Marital Property & Bankruptcy


I have been separated for over 2 years and want to file my absolute divorce papers. I have prepared separation papers based on agreements my husband and I have made but each time he finds things wrong and refuses to sign. After consulting with an attorney I was advised to make sure I put 3 things in my complaint 1. that we still have property issues and I reserved the right for them to be dealt with later, 2. that I am due more than 50% of the assets and 3. #2 is based on the fact that my husband declared bankruptcy and placed all of our marital assets at risk without my consent.

I have 2 questions.

First, do you have an example of a pleading anywhere on your website that would show me how to prepare the pleading statements properly? We only have 3 main assests that are really in question and I want to retain my right to have a court get involved later if I need to.

Second, since he declared bankruptcy when we sell our home will I be entitled to any of the proceeds if there are any after the sale? I did not file with him and did not have access to any of the information regarding his filing. The only thing I could do was negotiate with the credit union for my vehicle so they wouldn’t repossess it. He is the primary borrower on all 3 of our joint loans (our home and 2 vehicles - mine and his). My mortgage company still will not speak to me regarding the mortgage. My only real option is to sell the property, walk away and start over.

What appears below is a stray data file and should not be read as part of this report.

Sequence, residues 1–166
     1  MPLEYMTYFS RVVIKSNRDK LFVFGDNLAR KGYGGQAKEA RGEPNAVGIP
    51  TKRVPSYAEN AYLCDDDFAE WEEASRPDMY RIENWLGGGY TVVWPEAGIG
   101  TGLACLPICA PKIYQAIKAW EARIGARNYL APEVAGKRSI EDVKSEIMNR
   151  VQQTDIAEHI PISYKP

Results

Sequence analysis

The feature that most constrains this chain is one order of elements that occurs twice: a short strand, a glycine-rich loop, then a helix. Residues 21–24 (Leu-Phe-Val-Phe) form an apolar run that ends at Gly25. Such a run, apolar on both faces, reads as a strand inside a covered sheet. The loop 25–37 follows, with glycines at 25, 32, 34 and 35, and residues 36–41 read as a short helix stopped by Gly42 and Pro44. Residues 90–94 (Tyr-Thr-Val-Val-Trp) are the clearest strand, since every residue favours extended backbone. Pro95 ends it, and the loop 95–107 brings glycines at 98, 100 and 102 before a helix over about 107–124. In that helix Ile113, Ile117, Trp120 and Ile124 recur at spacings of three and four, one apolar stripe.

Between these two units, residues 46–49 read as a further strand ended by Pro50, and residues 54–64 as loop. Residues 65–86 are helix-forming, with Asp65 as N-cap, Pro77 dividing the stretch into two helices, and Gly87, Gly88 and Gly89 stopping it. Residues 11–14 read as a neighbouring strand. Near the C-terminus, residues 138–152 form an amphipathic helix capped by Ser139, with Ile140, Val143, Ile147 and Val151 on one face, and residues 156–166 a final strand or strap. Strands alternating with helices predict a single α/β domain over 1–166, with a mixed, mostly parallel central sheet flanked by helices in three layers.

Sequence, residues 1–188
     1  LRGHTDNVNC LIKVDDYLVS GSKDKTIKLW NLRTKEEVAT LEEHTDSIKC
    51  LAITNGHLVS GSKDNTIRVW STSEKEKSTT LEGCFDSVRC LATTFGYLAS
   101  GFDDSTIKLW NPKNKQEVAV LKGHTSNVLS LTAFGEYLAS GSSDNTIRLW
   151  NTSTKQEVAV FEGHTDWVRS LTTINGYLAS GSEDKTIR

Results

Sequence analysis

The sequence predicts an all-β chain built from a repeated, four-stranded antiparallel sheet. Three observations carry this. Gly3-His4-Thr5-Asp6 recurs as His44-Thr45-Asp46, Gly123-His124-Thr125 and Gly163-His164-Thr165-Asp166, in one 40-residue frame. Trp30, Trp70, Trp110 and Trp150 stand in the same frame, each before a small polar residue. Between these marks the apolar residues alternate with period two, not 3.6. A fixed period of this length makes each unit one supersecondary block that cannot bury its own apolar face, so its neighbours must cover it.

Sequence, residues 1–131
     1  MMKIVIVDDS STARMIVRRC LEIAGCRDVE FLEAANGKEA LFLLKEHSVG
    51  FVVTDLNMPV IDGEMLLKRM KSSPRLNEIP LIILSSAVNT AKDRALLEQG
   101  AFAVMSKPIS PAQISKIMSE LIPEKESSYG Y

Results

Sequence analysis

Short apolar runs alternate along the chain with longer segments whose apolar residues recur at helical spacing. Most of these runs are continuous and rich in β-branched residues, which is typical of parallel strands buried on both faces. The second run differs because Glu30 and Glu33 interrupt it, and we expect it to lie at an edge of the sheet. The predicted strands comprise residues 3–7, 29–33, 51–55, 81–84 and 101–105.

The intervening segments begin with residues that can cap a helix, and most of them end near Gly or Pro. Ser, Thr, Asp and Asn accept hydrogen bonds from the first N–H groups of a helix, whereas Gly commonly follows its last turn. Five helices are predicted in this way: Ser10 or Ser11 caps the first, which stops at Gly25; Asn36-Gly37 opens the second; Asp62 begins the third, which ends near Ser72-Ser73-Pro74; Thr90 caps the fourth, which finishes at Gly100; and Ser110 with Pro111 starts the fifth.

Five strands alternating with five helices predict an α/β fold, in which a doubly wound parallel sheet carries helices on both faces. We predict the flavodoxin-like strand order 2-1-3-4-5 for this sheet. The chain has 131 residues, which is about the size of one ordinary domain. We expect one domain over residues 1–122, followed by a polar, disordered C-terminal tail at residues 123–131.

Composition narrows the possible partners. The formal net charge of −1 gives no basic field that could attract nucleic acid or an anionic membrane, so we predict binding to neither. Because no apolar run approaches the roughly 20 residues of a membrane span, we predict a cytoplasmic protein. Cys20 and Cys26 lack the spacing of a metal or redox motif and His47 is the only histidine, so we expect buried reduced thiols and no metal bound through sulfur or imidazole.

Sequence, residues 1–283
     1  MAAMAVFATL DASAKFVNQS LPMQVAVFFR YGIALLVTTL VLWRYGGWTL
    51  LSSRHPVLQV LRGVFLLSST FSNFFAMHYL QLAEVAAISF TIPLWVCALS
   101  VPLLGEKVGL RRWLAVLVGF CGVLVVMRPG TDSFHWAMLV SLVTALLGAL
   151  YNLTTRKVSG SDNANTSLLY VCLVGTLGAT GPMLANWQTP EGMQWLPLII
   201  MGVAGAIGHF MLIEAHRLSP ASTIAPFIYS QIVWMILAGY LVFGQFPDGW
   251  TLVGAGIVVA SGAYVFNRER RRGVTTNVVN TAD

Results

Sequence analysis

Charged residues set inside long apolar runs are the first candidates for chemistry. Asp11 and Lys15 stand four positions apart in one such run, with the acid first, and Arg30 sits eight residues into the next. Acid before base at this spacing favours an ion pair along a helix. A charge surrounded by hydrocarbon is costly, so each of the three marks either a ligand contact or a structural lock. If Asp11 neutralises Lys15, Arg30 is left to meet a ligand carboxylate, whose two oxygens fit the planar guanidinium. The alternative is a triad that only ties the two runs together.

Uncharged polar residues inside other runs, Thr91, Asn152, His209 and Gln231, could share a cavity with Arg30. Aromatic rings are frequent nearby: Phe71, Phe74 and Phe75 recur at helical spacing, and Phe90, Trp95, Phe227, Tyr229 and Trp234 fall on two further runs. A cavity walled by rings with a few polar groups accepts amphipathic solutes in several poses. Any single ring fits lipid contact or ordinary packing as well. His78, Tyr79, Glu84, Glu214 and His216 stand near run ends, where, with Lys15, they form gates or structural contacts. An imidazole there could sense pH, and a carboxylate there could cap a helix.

My husband chose to leave the marriage but refuses to cooperate in any way with resolving any of these issues so the divorce can be filed. I just want to make sure I protect my property rights as much as possible given the situation.

Thank you for any help you can give.


The best place to gain access to form documents and “go-bys” is our DIY system. Members have access to a multitude of forms, and the advice of an attorney.

As for the home, I cannot say for sure. I do not practice in the area of bankruptcy, and how the proceeds are allotted would depend on the outcome of his bankruptcy.